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Dedication to the Sacredness of the Bahá’í Fund 

Compiled by the National Spiritual Assembly of Azerbaijan

10. Traditions and

My Envelope

To give and to be generous are attributes of Mine; well is it with him that adorneth himself with My virtues.


All donations and contributions should be offered to the Treasurer of the Assembly …

Shoghi Effendi

If a person is willing to make his offering with utmost contentment, its acceptance is permissible, otherwise our merciful Lord is independent of all mankind.



In this edition of The Roaring Fountain, we will continue to discuss the psychological barriers that hinder us from serving generously and sacrificially in the path of God.  Whether cultural or intellectual these psychological barriers dictate how we offer our services to Bahá’u’lláh.  When I lived in Agjabadi and Barda in the 1990s, I used to work for a humanitarian NGO that assisted with building homes for the victims of the Nogorno-Karabak war. I had a co-worker by the name of Hilal.  We became good friends.  He was passionate about the arts:  he read poetry, listened to classical Muqamat, chanted in Sigah, and was a skilled calligrapher.  He was also a devoted man and truly worshiped God through his deeds.  While driving from one project to another, we often talked about the spiritual aspects of life. There is something spiritual about journey and traveling that makes our spirit reflect.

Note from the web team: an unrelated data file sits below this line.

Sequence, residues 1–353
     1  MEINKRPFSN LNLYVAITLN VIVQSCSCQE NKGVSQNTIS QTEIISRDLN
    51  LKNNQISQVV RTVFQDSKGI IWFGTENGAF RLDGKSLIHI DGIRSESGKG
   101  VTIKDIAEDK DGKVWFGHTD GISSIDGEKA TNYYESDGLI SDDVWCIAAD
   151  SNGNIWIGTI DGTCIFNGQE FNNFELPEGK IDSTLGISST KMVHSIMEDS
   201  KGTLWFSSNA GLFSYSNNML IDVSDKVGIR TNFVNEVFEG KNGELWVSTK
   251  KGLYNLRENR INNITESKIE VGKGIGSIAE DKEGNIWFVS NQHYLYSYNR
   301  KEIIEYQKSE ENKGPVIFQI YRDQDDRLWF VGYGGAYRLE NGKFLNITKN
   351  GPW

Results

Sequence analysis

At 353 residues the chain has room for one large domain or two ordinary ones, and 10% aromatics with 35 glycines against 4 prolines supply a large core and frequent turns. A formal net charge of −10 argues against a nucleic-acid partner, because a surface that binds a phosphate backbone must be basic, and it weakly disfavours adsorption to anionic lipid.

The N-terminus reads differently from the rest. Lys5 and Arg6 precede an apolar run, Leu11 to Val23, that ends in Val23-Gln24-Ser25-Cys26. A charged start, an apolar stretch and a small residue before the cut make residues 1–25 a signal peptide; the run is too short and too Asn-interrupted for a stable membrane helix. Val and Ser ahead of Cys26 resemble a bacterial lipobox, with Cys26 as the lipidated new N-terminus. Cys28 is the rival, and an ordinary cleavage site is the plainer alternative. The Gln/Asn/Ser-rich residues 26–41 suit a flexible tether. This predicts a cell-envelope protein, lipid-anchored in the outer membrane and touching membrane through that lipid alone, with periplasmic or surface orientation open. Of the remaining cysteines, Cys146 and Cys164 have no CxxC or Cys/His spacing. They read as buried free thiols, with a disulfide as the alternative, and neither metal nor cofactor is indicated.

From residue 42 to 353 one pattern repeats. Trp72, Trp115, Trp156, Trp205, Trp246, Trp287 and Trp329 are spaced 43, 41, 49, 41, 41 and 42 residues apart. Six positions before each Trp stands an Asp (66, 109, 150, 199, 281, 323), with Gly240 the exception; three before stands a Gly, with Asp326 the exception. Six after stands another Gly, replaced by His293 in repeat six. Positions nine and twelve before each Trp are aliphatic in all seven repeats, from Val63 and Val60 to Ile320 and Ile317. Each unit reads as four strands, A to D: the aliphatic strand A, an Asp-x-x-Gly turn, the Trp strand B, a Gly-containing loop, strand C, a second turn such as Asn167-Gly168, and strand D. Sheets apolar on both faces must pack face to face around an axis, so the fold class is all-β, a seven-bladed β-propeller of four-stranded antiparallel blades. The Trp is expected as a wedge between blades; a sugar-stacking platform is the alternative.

Once in a while, I noticed Hilal setting aside a Mammad-Amin (a nickname for an old Azerbaijani bank note) in his car as nezir (alms).  After praying to it, Hilal placed the Mammad-Amin on the dashboard of his car to keep until he was able to give it to charity.  Hilal’s nezirs sometimes stayed on the dashboard for weeks.  He watched the side of the road for a good nezir box in which he could make his offering in the path of God.  He was quite particular about where to drop his nezirs, because he didn’t believe that all of the nezir boxes worked. On one occasion, he dropped his nezir in a box near Yevlaq but got into an accident while driving away. As a result, he had concluded that some nezir boxes did not provide protection.

Nerzir box says, Give in the path of God for construction of the road